Skiing out of the Trinities

Skiing out of the Trinities

The third trip of the corn shredding extravaganza brought Phil and Andrew for Andrew’s birthday celebration, and probably the best conditions of the spring thus far. We quickly became friends, and since I had spent the previous six days skiing in Avalanche Gulch, we wasted no time finding the good skiing. The truth is, at this point in the weather cycle, the good skiing was everywhere, and it was hard to go wrong.  We skied great lines off of Casaval Ridge and in the Lower Gulch, and then lounged in the afternoon sun, as we rested up for our summit day.  On summit day, we started at 4am under a full moon that completely illuminated the Mountain, so much so that we didn’t need to use our headlamps. Climbing conditions were excellent, and we summited and skied 6,000′ continuous vert of Mt Shasta magic.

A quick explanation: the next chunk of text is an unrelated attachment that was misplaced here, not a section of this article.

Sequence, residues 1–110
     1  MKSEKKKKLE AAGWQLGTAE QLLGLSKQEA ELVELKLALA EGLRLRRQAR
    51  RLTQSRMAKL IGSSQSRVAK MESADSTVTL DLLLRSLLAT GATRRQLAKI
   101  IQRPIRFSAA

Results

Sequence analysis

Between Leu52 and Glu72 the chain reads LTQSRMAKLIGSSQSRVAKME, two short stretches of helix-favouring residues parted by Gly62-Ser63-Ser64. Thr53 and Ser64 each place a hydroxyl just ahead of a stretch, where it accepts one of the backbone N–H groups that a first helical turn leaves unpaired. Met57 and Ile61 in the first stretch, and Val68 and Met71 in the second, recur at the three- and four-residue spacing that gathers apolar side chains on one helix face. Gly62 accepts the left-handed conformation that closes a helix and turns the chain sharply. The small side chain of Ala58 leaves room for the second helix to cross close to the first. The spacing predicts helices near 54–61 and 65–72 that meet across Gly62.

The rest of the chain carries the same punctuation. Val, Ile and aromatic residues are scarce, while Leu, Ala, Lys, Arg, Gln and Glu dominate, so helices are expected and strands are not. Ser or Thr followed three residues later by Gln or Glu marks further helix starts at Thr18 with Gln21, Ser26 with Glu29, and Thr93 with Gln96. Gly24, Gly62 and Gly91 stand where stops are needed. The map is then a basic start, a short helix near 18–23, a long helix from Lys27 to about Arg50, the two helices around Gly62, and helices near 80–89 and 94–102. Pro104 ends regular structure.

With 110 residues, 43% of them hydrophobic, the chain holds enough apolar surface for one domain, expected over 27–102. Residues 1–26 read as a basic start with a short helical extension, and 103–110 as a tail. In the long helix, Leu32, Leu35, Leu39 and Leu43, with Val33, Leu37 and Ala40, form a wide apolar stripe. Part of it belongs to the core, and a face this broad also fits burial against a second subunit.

Dan and I on the summit on the fourth and final trip

Dan and I on the summit on the fourth and final trip

My fourth and final consecutive trip brought Dan out from Manhattan in search of a summit and a ski descent all the way back down.  We spent the first two days skiing, exploring all that Avalanche Gulch has to offer, and practicing our climbing skills for what was forecasted to be a somewhat rugged summit day. Our summit day was cold and a stiff north wind was blowing. Besides one other party, we were apparently the only ones on the upper mountain.  The snow was in excellent condition for cramponing, and we made good progress and summited right at noontime. The cold temps and north winds weren’t very conducive to soft skiing. Luckily, Dan grew up skiing in New England and is no stranger to skiing hard snow. We negotiated the upper mountain smoothly and efficiently, and to our relief, found softening snow for the last couple thousand feet of our run.  Although conditions were challenging at times, Dan was psyched and the trip was a total success.